It angers me when a participant in a cowardly move, sends an e-mail resignation rather than have the decency to (a) discuss concerns in person or on the phone or (b) try to negotiate realistic changes if need be. This strikes at my core and goes against the foundation of the workshop. Despite the mistaken notion that a departure isn't personal, it is. I wonder if the person's  telling the truth for their resignation, and if there was anything I could have done to salvage the membership. I know that everyone doesn't feel the same about the workshop as I do, but please have respect for fellow workshop members who've invested countless hours reading, marking-up, and preparing discussion notes for a submission. The defector is bailing on the entire workshop roster, not just me. I'm the glue that holds everything together. I've developed a thicker skin in latter years and am able to rebound faster than some others.

No self-respecting person wants to have coffee, send submissions for feedback, or hangout after such cowardice. Wasn't that the initial reason you applied for and later joined the writing workshop?

A workshop is in service of the majority, not one or two misguided snobs who want the majority to tailor to their whims. I've never done well with cliques, and abhor prejudice and discrimination. My creative DNA is comprised of inclusion, not exclusion based on different writing genres or creative outlets. Why then would I create an elitist workshop, application requirements notwithstanding?

I'm overdue to step off the merry-go-round and devote more time to writing and submitting, and less as a wet-nurse to those that are careless and insensitive. My biggest challenge is that I'm a mentor and rescuer, but I must modify my behavior to ensure I that I, too, achieve my multi-book publishing goals. Family and friends have warned me that I'm a glutton for punishment, taking in doe-eyed strays I'd be better off passing by. I've been told I need to become a bit selfish, and put my creative writing and directing pursuits first, and everyone would follow my lead. I'm not currently built that way. I must find a healthy compromise.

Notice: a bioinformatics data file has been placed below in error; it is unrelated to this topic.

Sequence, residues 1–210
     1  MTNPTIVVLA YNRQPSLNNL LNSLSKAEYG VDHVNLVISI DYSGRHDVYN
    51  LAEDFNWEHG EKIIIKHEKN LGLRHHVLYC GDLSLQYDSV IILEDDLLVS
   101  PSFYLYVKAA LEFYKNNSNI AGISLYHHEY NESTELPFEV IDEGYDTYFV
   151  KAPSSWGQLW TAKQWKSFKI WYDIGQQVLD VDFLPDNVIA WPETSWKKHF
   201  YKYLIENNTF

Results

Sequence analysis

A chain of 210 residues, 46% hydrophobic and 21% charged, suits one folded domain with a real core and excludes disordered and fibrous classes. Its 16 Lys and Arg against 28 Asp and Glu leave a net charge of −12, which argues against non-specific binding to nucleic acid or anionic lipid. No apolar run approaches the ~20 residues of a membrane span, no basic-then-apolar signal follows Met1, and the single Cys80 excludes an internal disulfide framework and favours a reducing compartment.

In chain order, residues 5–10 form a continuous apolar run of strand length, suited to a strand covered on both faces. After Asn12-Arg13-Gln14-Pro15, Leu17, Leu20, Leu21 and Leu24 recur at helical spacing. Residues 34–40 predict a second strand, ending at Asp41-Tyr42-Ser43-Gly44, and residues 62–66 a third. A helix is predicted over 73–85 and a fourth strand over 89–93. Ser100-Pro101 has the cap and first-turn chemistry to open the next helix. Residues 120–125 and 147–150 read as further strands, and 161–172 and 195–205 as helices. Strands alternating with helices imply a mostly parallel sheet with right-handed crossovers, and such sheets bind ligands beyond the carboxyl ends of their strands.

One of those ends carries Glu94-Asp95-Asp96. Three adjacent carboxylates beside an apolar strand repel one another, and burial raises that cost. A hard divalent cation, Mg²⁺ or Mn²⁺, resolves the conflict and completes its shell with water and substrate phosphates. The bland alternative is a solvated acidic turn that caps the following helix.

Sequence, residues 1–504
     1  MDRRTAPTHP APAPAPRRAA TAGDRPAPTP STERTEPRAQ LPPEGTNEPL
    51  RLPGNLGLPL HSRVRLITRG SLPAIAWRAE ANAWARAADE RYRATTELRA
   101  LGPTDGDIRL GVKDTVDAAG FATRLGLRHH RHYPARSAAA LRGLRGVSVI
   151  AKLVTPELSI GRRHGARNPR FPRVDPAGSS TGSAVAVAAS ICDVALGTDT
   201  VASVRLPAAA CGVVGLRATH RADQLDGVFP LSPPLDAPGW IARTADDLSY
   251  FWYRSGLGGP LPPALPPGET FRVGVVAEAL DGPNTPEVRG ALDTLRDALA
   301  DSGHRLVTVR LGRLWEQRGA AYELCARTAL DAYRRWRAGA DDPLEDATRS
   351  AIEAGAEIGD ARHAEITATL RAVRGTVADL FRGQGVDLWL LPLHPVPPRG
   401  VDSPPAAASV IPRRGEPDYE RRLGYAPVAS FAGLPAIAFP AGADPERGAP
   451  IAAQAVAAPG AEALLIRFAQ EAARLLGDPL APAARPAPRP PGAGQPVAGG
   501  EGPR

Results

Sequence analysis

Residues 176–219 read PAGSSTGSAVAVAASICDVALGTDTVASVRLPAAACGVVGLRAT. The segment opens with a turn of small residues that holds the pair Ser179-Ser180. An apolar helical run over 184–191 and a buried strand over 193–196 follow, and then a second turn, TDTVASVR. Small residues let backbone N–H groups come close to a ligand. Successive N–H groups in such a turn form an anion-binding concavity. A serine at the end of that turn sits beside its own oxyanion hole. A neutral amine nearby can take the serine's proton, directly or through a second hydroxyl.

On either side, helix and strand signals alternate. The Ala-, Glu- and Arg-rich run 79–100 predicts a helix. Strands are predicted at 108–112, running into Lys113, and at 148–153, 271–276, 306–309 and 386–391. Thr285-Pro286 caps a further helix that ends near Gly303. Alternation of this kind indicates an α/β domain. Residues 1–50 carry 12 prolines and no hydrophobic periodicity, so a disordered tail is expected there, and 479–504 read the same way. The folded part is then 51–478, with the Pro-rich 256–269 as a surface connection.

How do you deal with the crazymakers in your creative life? I'd love to hear from you in the comment section below.


Free2BVee said...

You know when I read this I wondered if it was just me experiencing disappointment from people who hide behind technology; namely email.

I've learned when you redirect your focus to what you "can" control instead of what you "can't" life becomes less difficult. Let me elaborate ...

Recently people in my circle have disappointed me (not just family but friends too) and the source of my frustration came from knowing that I set these unreasonable expectations of them (meaning they'd do the right thing and express their concerns to my face instead of via email, voicemail, text or Facebook).

I can't control someone who feels like they aren't able to share their concerns with me -- and have resolved to let their issue with being unable to communicate REMAIN their issue. Don't get me wrong, I will open the door for you to say 'hey, when you said blah blah blah, it made me feel such and such.' What I can control is my reaction to how I process the information that's being provided to me.

Anyway, I shared that to say, don't let someone else's baggage become yours.

In short be who you are...say what you feel ...those who mind don't matter ...those who don't mind matter.

Anonymous said...

Sounds like it may be best to find some selfishness to complete your goals or get further to them.
When I served as a mentor for a year and pushed my wants aside for a mentee to be dumped months later it hurt, but turned out to be the best thing for me to focus on what I needed to do both personally, professionally, and creatively. It pays to be self-less, but also doesn't hurt to be selfish for the greater good (i.e., your work).
Good luck!